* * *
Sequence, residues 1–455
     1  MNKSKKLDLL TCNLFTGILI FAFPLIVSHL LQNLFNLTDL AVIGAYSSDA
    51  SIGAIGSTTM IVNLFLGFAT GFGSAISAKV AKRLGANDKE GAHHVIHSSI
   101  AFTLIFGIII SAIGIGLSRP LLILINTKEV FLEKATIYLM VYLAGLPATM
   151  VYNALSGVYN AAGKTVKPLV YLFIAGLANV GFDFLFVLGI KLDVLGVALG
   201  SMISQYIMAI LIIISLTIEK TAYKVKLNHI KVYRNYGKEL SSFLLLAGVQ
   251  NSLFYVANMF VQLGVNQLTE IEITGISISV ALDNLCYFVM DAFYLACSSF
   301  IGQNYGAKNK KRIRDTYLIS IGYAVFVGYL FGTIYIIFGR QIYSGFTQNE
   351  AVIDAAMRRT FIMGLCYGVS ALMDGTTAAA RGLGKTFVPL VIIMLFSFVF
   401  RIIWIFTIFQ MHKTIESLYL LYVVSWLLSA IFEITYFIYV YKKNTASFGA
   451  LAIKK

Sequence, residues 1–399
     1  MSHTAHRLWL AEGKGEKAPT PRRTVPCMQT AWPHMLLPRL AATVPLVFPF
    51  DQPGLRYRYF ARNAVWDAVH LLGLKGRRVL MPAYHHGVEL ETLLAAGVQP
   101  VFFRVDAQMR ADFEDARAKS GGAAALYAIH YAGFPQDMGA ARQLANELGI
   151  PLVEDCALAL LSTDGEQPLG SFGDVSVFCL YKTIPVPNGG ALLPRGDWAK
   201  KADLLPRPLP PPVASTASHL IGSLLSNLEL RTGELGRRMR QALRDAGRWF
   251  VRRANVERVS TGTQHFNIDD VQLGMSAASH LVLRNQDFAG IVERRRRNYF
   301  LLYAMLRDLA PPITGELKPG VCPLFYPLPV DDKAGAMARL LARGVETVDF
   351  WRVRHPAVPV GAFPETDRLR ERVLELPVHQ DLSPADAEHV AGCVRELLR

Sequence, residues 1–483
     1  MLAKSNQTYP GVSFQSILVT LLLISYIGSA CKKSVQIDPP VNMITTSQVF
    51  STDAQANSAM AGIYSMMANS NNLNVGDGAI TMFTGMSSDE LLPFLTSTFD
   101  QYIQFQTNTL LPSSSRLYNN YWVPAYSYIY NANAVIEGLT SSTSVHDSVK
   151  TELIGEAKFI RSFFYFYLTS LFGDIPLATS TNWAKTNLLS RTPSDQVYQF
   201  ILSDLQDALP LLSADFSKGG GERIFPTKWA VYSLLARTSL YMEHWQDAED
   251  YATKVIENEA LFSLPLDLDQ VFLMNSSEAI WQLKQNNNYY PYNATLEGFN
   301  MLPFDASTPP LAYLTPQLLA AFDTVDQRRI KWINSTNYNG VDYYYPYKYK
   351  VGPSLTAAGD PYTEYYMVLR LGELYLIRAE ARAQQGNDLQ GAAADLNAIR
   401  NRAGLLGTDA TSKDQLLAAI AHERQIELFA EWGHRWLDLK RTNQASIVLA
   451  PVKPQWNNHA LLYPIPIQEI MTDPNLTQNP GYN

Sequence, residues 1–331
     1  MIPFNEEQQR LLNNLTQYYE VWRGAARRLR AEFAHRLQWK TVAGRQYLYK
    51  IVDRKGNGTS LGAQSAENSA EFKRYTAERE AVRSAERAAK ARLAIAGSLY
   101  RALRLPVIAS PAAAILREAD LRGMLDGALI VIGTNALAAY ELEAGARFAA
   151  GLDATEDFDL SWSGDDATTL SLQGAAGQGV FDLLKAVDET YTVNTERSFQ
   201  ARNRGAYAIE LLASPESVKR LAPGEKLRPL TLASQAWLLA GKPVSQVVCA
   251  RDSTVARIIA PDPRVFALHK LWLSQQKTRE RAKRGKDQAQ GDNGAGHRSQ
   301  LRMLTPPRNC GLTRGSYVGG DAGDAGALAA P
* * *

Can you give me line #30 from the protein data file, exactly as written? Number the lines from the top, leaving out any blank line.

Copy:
   401  NRAGLLGTDA TSKDQLLAAI AHERQIELFA EWGHRWLDLK RTNQASIVLA